In the Name…
I forget who it was that once said that happiness was knowing that you had a large, loving, caring, supportive family – in another city.
The Holy Family has sort of a zigzagged history in Matthew's account. It starts, as you recall, with a near divorce on Joseph's part and a journey to another town. Then, after a couple of years in Bethlehem they have to flee and go to Egypt. After three years there, they head back, but on the way discover that Herod's son is as bad as his father, so, instead of returning to Bethlehem, they go north to Nazareth where Mary and Joseph had been living before Jesus was born.
As best we can figure, Nazareth at that time had a population of about four hundred. Back then, small towns were mostly made up of people who were members of a few extended families. Houses were close together and everybody knew everybody’s business. So, we can delete from our mental image the picture of Jesus growing up in the quiet company of Mary and Joseph. No. He was thrown together with aunts, uncles, cousins, in-laws, etc. and they faced the usual challenges of trying to get along.
If, over the holidays, or at some point in the past, you had a family gathering, then you experienced a bit of what Jesus experienced in his day-to-day life. And, I doubt that there's a family that doesn't have a zigzagged history. Shakespeare said it well: "The way of true love never did go smooth."
Today’s feast, though, causes me to think about what family is and how the meaning of “family” has changed throughout the years. Some people will have us believe that there has always been one idea of what constitutes a family – two parents raising 2.5 children would seem to be the version I see most often. But, of course, we know this was not always so.
Just taking my own family as an example - of Sue’s and my four parents, all born in the 1920’s and 30’s, only one of them grew up in a biologically two-parent household. Divorce, death, and adoption have always been with us. And, while today, we are more open about blended families, single parent families, same-sex parents and their children, mixed race families, and adoptive families, the extended family is often no longer nearby, making it difficult for members to know each other as well.
Even more, sometimes we consider people who are not related to us, but whom we treasure for their support and love, as family.
So, when we think of the Holy Family today, I don’t see it so much as a model of what a family should look like, but more a model of the qualities for any family that we should value.
In the Gospel reading today we have the only incident known to us from Jesus’ early life, and it is not an ideal situation, at least for the parents. When families travelled they would often travel in separated groups, the women and children together, the men with the men. At some point, a young boy was seen as a man – often around 12 years old, and that provided the confusion that allowed Jesus to remain in Jerusalem. Mary thought he was with the men. Joseph thought he was with the women, and it wasn’t till they got together at the first rest stop that they realized neither was the case.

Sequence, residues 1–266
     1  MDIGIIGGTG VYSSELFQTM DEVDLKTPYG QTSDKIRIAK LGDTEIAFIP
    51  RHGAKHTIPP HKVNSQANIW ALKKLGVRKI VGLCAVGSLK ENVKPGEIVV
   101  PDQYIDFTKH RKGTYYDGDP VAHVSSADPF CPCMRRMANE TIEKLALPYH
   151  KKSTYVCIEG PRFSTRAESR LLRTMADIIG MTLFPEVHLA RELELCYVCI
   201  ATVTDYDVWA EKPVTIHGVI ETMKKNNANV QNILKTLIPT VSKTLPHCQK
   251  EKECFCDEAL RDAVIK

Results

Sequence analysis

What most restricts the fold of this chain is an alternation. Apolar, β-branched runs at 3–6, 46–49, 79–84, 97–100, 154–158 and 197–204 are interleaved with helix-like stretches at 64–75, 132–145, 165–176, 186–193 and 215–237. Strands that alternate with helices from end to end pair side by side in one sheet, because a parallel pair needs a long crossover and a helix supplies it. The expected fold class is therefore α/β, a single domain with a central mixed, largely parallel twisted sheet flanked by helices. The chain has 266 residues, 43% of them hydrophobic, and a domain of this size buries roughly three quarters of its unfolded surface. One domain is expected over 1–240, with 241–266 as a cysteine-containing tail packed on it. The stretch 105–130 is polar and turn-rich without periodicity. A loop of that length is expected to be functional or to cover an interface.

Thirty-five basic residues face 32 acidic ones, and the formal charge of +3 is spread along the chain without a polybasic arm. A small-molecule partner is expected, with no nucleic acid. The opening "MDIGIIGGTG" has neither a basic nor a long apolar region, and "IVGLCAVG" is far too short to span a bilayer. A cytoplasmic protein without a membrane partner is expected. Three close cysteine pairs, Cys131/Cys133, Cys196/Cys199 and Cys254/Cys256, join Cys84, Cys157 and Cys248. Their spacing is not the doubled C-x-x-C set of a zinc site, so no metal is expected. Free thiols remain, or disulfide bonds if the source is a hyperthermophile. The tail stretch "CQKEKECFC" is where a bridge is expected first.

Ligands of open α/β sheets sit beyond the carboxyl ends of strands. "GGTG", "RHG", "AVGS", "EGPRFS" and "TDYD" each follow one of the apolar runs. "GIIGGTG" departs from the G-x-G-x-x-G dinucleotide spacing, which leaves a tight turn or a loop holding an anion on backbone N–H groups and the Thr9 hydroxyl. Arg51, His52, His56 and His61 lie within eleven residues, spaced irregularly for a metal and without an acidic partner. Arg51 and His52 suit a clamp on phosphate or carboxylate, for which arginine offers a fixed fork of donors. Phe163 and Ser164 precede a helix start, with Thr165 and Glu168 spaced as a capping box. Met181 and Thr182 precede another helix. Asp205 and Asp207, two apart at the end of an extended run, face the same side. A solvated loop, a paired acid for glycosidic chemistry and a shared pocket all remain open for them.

Any parent would worry about a 12 year-old taking off and being by himself in the big city. Mary and Joseph were no different. They left their groups and went back to Jerusalem to look for him. That took three days of not knowing where he was. I can only imagine the thoughts that go through a parents’ head in such a situation. Besides blaming themselves for not being sure of where he was when the left, they were worried about all the things that could happen to a boy in the big city.
So, when they found Jesus - in the Temple, of all places - they were somewhat irate. Actually, they do sound like typical parents today: “How could you do this to us!?” They probably wanted to hug him and smack him. And like most twelve-year-olds who think they know just about everything, they get answered with: “What are you upset about? I know what I’m doing.”
Mary and Joseph, however, did not quite get what Jesus was saying, but Mary never forgot those words. She treasured them in her heart. But, they told Jesus that he had to go back with them, and Jesus did, without argument. And, then, almost as a footnote we are told that he was obedient to his parents and he grew in wisdom.
In St. Paul’s letter to the Colossians, he mentions the qualities that are essential to any good family: compassion, kindness, humility, meekness, patience and forgiveness. What a great list. If we could only always be able to model those.
There's a poem by Robert Frost about the death of a hired hand. A man and a woman are on the porch of their farmhouse talking about an old hired hand who had returned that day and went to sleep in the barn. The couple on the porch are talking about whether or not the old man had a home he could have gone to, and then they start talking about what it means to have a home. The man says: "Home is the place where, when you have to go there, they have to take you in." The woman says, "I should have called it something you somehow haven't to deserve."
A good definition. Home is the place where you receive a love and acceptance you don't have to earn. That might define family, as well.
So, even though the context of the family has changed as the society has changed, the principle of love is always the most important and will be the key thing that makes successful families.
On this Holy Family Sunday, then, may we remember that Jesus was part of an extended family and had more than a place, he had a relationship he called home. It helps us to realize that he experienced all that goes with this, just as we do - the give and take, the imperfect relationships, and the need for patience, acceptance, and kindness.
In the Name…